Annabella Boatwright leans over her artist's workbench and presses a stamp onto cloth.

Q. Where’s your happy place?

A. Driving back roads with my mom. Love a good field.

Q. Your favorite book?

A. Wuthering Heights. Unbelievably moody and dramatic. Nothing like it. I love the relationship the landscape has to the plot and characters, it’s something I think about a lot in my art. It has great 19th-century insults too. I made a list if anyone’s interested.

Annabella Boatwright sits smiling on a porch.

Q. Favorite guilty pleasure music?

A. No guilt here! Eighties new wave hits have been getting me lately. And Bonnie Raitt.

Q. What’s one thing you can’t live without?

A. My sketchbook. It’s always with me. It’s kind of a visual journal. I’ll take notes of anything that pops into my head—just one word or snippets of an image. It helps me keep track of my visual impulses.

Annabella Boatwright leans over her artist's workbench working.

High Point Favorites

Q. Where do you like to grab a cup of coffee?

A. 83 Custom Coffee. Always happy to see which friendly face is in the truck, and I’m excited about their new indoor space too.

Q. Restaurant you can’t get enough of and favorite dish?

A. The Dog House has my favorite fries. I love how that place feels. Also Magnolia Blue if we’re being fancy.

Q. Local business you think is doing everything right and why?

A. Friendship Plant Co. The Blackerbys are so dedicated to bringing folks together in the spirit of giving and making people feel welcome here in the High Point community. And they do exactly that. They definitely had a huge impact on how I interact with this community. I may be a little biased, but I really do admire them.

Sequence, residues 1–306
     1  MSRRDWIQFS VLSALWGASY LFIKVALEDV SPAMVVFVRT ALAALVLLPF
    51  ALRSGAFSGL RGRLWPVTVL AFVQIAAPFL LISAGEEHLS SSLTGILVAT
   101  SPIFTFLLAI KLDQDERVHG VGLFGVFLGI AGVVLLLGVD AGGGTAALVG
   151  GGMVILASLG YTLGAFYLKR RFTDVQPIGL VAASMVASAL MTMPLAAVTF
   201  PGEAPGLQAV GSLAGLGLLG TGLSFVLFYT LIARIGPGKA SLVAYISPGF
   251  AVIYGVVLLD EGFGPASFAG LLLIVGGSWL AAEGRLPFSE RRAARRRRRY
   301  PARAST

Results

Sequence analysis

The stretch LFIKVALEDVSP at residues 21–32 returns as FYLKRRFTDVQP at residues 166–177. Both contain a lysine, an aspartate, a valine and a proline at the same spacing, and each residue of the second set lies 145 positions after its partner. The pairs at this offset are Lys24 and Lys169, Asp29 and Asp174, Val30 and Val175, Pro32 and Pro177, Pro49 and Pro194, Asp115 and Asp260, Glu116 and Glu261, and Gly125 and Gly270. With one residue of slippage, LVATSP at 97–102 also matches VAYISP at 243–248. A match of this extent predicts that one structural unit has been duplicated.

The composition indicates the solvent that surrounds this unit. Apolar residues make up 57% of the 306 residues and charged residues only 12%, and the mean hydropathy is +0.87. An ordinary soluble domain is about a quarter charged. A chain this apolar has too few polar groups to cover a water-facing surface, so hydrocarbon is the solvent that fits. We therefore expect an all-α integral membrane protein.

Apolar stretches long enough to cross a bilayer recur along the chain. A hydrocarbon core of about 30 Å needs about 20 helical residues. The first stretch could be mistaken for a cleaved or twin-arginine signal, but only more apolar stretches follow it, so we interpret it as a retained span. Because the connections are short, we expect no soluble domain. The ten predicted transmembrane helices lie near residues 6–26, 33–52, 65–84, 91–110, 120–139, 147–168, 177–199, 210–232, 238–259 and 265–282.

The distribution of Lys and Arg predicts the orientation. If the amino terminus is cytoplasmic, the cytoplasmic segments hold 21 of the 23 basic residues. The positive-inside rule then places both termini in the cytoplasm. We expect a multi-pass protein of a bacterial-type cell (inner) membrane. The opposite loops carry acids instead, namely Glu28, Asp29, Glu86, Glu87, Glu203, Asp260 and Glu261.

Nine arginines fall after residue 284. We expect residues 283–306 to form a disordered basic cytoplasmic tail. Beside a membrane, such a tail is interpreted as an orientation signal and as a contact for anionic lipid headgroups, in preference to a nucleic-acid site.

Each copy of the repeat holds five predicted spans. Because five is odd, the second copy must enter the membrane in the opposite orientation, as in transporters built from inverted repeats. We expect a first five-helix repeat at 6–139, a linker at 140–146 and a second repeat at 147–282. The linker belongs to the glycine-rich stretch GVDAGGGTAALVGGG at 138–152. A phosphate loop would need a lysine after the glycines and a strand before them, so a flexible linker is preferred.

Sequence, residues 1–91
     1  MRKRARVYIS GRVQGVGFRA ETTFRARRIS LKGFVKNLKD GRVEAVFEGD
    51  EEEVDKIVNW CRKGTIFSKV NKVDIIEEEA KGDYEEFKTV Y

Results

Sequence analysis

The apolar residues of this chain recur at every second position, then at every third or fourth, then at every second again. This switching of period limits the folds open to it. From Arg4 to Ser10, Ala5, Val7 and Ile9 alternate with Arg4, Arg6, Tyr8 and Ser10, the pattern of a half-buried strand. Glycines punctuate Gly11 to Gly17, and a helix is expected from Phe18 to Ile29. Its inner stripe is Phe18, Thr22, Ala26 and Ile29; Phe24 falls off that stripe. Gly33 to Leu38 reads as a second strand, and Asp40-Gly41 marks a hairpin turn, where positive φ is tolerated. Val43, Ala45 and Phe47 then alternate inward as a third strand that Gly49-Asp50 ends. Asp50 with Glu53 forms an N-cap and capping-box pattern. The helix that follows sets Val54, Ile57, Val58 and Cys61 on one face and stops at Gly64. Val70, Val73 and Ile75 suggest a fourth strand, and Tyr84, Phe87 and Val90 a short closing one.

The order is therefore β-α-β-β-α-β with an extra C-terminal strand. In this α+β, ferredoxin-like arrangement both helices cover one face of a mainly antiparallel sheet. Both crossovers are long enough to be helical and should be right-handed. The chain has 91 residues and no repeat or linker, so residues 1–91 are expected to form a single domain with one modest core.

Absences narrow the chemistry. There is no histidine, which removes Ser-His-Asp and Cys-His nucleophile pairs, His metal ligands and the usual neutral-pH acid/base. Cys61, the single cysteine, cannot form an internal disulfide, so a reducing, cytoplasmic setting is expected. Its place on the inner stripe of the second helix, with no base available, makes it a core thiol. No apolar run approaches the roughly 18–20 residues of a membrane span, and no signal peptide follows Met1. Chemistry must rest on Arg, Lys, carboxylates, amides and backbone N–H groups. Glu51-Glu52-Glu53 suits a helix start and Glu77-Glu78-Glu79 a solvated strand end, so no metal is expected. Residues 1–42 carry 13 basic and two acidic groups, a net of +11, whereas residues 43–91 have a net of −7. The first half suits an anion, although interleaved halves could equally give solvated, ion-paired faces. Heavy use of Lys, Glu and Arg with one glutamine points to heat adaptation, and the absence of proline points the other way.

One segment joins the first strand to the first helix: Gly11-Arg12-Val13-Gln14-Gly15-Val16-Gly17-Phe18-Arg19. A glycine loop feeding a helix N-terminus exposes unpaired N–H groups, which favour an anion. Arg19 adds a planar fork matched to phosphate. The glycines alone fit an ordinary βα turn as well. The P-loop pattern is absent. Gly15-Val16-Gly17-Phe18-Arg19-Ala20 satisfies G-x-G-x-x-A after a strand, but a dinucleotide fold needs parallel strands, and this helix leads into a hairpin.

Q. Where do you go to unplug?

A. I love taking walks around my neighborhood. It keeps me in touch with my neighbors and the changing seasons in the landscape.

Q. Local charity you love to support?

A. The YWCA of High Point is awesome. I love their mission, and they provide a lot of amazing resources for women and folks in the community.

Q. Where would you tell a first-time visitor to High Point to go and why?

A. When it’s in season, definitely the High Point Farmers Market on Saturday mornings. The farmers’ market is full of our growers and makers offering what they have to their community. What could be better than that? I look around me and see all my neighbors just hanging out and contributing things grown with love and think, “Wow these folks are taking care of me.” And everyone is welcome! It’s a great way to get to know the spirit of High Point.

We’re proud to have an artist with such a unique, creative perspective as Annabella in our city. And we’re thankful that in a way, her art is taking care of us too. You can find her work and link to her Etsy shop on Instagram, @a.boatwright.art.

Voices of HP is a series where High Point Discovered asks questions to High Point business leaders and entrepreneurs to share their view. Consider it a peek into the heart and soul of our local businesses. We hope you will be inspired to investigate more. Past guests have included Shane Key and Lori Teppara.

Keep Discovering our High Points,

The HPD Team

Photography by Maria West Photography